Devices External to the Asterisk Server

There are massive differences between a good old fashioned analog telephone and any one of the large number of IP phones out there, and we need to pick up on one of the really fundamental differences in order to throw light on the next explanation, which covers the settings we might need to change on devices external to Asterisk, such as IP phones.

Have you ever considered the fact that an analog phone is a totally dumb device (we know that a basic model is very, very cheap) that needs to connect to an intelligent network (the PSTN), whereas an IP phone (e.g., SIP or IAX2) is a very intelligent device that connects to a dumb network (the Internet, or any regular IP network)? Figures 9.1 and 9.2 illustrate the difference.

Figure 9.1. The old days: dumb devices connect to a smart network

The old days: dumb devices connect to a smart network

Figure 9.2. The situation today: smart devices connect through a dumb network

The situation today: smart devices connect through a dumb network

Could we take two analog phones, connect them directly to each other and have the functionality we would normally associate with a regular phone? No, of course not, because the network supplies everything: the actual power to the phone, the dialtone (from the local exchange or CO), the caller ID information, the ringing tone (from the remote [closest to the destination phone] exchange or CO), all the signaling required, and so on.

Conversely, could we take two IP phones, connect them directly to each other, and get some sensible functionality? Sure we could, because all the intelligence is inside the IP phones themselves—they provide the tones we hear (dialtone, ringing, busy) and run the protocol that does all the required signaling (usually SIP). In fact, you can try this for yourself—most mid-price IP phones have a built-in Ethernet switch, so you can actually connect the two IP phones directly to each other with a regular (straight-through) Ethernet patch cable, or just connect them through a regular switch. They will need to have fixed IP addresses in the absence of a DHCP server, and you can usually dial the IP address of the other phone just by using the * key for the dots in the address.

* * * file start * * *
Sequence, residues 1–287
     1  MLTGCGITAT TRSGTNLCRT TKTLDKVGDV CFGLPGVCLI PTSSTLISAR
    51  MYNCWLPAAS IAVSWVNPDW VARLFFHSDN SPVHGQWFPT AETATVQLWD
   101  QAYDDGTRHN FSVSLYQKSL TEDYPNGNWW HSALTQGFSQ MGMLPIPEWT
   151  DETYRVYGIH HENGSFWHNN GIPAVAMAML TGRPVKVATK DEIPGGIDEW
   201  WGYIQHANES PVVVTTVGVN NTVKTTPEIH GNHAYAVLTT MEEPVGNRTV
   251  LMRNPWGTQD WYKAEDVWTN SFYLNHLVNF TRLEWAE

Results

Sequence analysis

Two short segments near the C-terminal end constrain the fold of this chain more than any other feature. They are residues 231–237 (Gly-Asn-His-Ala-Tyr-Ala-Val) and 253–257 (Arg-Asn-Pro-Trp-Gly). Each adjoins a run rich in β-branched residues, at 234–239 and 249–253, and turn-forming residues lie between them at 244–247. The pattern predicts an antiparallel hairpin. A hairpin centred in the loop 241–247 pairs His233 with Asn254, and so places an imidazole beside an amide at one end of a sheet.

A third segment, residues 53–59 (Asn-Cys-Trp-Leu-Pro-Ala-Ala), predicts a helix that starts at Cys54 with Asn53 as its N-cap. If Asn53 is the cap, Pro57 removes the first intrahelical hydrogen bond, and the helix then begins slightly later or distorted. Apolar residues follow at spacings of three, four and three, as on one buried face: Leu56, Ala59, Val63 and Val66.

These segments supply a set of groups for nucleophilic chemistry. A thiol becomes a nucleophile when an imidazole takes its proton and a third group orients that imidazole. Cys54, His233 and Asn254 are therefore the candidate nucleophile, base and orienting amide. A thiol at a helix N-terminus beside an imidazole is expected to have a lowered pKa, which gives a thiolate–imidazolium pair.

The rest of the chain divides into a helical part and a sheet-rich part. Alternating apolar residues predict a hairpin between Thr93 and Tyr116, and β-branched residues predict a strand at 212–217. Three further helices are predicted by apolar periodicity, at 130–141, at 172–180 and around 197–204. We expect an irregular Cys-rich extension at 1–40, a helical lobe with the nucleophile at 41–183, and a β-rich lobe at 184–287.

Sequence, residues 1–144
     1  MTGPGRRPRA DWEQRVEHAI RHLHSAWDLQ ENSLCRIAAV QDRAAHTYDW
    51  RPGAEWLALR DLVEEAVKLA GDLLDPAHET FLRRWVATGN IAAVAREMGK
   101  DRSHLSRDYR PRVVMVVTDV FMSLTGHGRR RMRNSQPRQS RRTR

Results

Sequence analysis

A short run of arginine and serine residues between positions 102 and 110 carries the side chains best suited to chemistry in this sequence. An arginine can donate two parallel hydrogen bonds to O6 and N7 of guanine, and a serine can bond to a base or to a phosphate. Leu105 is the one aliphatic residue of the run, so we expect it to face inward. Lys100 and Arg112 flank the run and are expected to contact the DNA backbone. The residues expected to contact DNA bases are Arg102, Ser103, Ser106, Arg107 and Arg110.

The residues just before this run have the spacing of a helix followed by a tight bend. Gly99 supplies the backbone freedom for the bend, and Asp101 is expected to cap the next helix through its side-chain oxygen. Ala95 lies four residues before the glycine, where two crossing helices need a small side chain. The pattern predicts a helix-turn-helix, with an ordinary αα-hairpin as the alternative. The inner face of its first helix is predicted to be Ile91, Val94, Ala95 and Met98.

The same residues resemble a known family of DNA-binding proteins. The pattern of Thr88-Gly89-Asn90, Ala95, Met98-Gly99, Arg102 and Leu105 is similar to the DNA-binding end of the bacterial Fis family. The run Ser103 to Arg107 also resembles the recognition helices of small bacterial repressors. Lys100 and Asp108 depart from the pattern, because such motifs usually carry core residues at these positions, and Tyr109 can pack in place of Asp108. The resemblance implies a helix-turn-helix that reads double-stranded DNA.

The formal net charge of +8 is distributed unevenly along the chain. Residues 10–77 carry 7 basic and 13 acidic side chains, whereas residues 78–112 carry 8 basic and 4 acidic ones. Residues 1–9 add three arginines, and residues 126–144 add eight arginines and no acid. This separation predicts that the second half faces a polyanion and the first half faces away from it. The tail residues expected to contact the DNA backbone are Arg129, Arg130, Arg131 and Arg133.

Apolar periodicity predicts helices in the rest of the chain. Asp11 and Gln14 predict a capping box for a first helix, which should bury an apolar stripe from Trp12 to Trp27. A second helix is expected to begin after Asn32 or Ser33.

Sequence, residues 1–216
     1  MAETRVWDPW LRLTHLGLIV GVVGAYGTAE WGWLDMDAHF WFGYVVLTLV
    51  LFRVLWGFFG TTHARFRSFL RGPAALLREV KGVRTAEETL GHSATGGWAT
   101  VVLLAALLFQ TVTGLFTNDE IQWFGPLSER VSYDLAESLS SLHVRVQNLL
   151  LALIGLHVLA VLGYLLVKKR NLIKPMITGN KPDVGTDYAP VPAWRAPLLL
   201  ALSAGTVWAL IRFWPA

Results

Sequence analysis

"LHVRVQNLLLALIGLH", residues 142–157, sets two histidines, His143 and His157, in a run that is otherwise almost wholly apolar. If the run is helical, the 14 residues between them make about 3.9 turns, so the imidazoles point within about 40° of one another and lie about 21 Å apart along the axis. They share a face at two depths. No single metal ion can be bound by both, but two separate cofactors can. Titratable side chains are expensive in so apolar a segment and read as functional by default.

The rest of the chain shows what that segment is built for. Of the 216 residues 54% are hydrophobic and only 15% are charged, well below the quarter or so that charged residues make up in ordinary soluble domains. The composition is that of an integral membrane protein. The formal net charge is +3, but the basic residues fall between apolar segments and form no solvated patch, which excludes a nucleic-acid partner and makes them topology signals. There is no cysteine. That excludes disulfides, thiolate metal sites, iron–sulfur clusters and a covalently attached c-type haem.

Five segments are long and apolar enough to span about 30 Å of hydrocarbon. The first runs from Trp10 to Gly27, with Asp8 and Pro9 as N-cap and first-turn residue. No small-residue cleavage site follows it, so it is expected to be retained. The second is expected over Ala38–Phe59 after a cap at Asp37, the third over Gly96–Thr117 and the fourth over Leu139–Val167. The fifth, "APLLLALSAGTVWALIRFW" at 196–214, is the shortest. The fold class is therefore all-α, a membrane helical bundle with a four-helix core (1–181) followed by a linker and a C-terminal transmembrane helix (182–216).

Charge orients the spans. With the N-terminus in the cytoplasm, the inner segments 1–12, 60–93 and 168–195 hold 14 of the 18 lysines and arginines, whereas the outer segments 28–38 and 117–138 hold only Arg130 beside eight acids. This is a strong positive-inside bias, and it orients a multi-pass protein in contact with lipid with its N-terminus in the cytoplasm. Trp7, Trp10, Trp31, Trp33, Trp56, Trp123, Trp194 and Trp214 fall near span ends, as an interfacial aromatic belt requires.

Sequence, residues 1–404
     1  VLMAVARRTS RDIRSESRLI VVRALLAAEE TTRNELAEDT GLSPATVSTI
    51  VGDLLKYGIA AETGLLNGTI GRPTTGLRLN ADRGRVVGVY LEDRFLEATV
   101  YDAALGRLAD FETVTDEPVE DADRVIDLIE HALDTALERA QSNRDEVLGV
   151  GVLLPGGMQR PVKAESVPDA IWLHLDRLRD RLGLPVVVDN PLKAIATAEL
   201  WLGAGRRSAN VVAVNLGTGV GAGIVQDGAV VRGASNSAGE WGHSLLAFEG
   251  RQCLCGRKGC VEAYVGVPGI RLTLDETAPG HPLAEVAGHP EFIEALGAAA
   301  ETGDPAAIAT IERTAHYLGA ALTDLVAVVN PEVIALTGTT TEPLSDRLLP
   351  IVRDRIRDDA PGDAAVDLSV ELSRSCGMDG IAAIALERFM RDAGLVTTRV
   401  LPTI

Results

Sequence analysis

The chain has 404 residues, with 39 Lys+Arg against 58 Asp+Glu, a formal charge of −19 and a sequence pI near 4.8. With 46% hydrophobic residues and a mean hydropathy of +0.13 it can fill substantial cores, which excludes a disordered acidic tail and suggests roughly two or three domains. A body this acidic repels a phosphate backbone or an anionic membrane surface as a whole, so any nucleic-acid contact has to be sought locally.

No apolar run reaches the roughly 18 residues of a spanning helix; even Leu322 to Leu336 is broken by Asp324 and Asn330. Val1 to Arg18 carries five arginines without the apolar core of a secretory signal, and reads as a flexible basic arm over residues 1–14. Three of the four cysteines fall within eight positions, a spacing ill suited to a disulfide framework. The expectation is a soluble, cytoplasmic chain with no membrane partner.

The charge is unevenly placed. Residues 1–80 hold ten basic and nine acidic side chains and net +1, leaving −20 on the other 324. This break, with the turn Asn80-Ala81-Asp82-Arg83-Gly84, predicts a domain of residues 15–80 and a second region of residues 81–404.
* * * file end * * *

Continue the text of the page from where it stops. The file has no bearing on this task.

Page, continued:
Figure 9.2, “The situation today: smart devices connect through a dumb network” points to the fact that on an IP phone, we are responsible for setting all of the tones that the network would have provided in the old days. This can be done in one of (at least) two ways. The first is to configure the tones provided by the IP phone on the device’s own web GUI. This is done by browsing to the IP address of the phone (the IP address can usually be obtained by a menu option on the phone) and then selecting the appropriate options. For example, on a Yealink IP phone, the tones are set on the Phone page of the web GUI, under the Tones tab (where you’ll find a list of the different types of tone that can be changed—in the case of the Yealink, these are Dial, Ring Back, Busy, Congestion, Call Waiting, Dial Recall, Record, Info, Stutter, Message, and Auto Answer).